Pest of the Month – Clothes Moths. Don’t Let Them Wreck Your Wardrobe.

Posted by Rita Stadler

Sep 11, 2015 2:51:00 PM

Clothes moths may be some of the sneakiest pests out there. You almost never see the actual moths, but you can always tell when they have made themselves at home by the holes left in your clothing or fabrics. What causes these pests to choose your wardrobe when they’re looking for their next meal? And why do they have such expensive taste? Avoid a fashion faux pas by learning all about the fabric moth and how to get rid of it.

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So many moths!

The first thing you need to know is that clothes moths are not the same as the moths you see flying around a light, and they are also different than the moths that infest kitchen pantries. There are thousands of different moth species, but only two of them are likely culprits for wrecking your wardrobe. The ones that favor fabric are the webbing clothes moth and casemaking clothes moth. These little guys are only about ½ an inch long and will hide if disturbed. They are not attracted to light, and aren’t very good at flying. Adult moths are not even the ones actually responsible for causing damage -- moth larvae are the ones to blame for the holes in your silk blouse. Just like us, they need the proteins found in food to grow. But rather than sneaking into your refrigerator, their favorite food sources live in your closet.

Do moths have expensive taste?

Most people think moths are only attracted to clothing made from natural fibers like wool, fur, or silk. Moth larvae will consume those fabrics, but the list doesn’t stop there. Moths will also feed on synthetic material if it is soiled with body oil or food stains. Other places moths might infest include carpets, rugs, tapestries, blankets, animal bristle brushes, and wool pads inside of pianos.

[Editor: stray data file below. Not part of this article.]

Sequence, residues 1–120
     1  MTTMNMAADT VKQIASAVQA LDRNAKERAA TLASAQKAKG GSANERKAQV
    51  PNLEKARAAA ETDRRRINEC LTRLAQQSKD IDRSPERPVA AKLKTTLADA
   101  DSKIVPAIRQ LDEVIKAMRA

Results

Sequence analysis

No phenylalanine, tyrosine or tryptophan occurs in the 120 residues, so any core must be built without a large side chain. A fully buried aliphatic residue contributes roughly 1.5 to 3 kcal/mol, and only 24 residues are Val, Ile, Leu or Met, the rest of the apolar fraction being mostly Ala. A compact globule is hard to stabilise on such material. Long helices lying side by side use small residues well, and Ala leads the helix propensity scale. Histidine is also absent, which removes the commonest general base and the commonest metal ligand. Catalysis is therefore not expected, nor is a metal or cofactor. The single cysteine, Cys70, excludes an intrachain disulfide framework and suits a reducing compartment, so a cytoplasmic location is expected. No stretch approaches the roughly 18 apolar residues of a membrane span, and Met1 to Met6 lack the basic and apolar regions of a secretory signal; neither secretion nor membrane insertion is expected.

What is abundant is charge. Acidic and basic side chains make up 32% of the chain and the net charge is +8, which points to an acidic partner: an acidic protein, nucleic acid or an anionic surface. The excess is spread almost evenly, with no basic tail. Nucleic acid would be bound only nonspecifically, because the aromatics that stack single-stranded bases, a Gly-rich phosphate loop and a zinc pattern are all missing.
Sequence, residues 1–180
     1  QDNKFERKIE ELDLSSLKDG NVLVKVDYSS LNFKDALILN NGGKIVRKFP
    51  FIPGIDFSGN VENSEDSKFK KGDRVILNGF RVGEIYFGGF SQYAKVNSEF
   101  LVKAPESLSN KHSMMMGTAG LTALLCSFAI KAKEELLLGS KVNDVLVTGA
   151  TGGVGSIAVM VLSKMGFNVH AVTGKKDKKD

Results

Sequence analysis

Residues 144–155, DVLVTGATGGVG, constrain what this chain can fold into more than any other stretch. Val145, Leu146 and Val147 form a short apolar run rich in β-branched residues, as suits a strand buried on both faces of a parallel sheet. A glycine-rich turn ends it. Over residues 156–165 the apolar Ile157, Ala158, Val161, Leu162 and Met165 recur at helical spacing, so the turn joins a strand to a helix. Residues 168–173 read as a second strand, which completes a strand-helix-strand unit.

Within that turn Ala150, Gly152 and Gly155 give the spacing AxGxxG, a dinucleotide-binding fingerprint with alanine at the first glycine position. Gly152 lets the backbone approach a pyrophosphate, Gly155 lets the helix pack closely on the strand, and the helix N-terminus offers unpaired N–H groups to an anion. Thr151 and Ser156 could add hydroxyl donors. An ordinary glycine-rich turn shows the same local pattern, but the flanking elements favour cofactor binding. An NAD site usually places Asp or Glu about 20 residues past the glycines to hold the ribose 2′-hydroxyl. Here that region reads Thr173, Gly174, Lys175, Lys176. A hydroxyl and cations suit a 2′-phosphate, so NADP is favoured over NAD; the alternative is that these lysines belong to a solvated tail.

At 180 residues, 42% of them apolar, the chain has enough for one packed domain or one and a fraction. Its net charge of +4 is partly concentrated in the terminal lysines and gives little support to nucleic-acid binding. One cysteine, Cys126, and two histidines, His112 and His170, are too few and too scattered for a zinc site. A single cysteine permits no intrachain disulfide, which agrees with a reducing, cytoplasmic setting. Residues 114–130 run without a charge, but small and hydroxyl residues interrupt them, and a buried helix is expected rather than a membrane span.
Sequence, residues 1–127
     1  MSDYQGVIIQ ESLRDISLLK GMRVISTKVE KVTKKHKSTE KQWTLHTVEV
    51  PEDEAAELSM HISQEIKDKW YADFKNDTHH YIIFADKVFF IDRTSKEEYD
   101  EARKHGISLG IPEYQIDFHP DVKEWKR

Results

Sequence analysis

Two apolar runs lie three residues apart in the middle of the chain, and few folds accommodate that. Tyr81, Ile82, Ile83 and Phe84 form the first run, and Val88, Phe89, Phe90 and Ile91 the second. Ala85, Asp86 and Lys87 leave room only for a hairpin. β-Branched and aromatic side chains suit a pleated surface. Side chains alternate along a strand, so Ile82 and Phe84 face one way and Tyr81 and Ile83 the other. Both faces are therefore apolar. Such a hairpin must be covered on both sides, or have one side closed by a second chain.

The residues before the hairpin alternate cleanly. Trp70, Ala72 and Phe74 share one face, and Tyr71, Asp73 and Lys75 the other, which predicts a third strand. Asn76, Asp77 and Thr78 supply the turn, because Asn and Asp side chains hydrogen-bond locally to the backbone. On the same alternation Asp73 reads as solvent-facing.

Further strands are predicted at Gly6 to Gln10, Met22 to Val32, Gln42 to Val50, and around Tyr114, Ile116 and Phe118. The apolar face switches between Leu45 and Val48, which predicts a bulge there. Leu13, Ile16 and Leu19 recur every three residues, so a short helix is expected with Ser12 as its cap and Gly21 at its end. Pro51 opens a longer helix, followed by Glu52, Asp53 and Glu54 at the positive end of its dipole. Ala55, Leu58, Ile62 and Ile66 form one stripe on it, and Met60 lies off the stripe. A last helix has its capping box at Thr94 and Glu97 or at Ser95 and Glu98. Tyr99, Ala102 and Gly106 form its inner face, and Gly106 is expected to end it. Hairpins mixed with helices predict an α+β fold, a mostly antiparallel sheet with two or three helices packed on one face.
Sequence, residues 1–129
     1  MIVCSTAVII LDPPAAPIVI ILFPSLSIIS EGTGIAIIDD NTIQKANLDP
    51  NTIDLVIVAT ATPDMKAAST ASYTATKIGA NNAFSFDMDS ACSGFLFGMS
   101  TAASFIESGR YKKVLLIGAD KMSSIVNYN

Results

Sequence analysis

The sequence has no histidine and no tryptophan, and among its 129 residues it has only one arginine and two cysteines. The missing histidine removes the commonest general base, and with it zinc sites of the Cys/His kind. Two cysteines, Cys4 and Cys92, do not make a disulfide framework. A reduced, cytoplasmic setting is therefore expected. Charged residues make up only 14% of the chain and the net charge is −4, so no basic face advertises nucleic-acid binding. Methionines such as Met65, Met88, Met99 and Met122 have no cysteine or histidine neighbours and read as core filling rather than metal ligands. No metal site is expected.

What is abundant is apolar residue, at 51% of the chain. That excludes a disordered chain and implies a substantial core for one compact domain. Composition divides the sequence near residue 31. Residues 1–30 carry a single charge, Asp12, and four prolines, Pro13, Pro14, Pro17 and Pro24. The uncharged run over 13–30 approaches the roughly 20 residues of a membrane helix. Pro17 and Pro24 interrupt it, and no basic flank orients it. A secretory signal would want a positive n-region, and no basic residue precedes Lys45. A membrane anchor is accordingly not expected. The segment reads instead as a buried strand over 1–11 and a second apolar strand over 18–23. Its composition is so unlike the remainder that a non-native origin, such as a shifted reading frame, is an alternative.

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Moths prefer dark, quiet areas like the closet where your winter coats and wool sweaters have been hiding for the last few months, or underneath an area rug in your rarely used formal dining room. Detecting a moth infestation before they have damaged your fabrics is very difficult, which is why prevention is critical.

Skip the mothballs and get rid of moths naturally.

People have known for a long time that certain scents can prevent moth infestations -- that is why cedar chests have been the traditional place to store special items like a wedding dress or the lace tablecloth that was handmade by your great-grandmother. Unfortunately, the cedar oil disappears over time and becomes less and less effective. Mothballs seemed like a great solution because they were less expensive than cedar chests and easy to use in a variety of places, but the main ingredient in mothballs -- usually naphthalene -- has been found to be very toxic to people and pets. Bringing a dangerous poison into your home just to keep pests out is hardly a solution.

You can prevent moths naturally though by taking a few steps when storing items that are attractive to moths. The first and most important thing you can do to prevent moths is to carefully inspect and clean both the items you will be storing, and the place where you will be storing them. Wash all clothing first to make sure there are no food stains or bodily oils left behind. Vacuum the closet or area you will be using before storing items, paying special attention to the baseboards where moth larvae love to hide.

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For guaranteed protection against moths, place a pouch of Stay Away® Moths in your closets and dressers. Its time tested scent of cedar oil, along with other essential oils will prevent pests naturally. The easy to use pouches are safe, effective, and way easier than a heavy, wooden chest! You’ll be pleasantly surprised the next time you go looking for your favorite wool jacket. It’ll smell fresh and ready to wear and you won’t have to worry about expensive repairs.

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Topics: Pest Control, Pest Of The Month

Rita Stadler
Rita lives in Central Florida and has been a member of Team earthkind since 2010. When not writing about ways to preserve the good and prevent the rest, her 4 children keep her busy. She can be found sharing mouse jokes on Twitter @earthkind and answering to calls of "MOM!" from any kid within a 25 foot radius.

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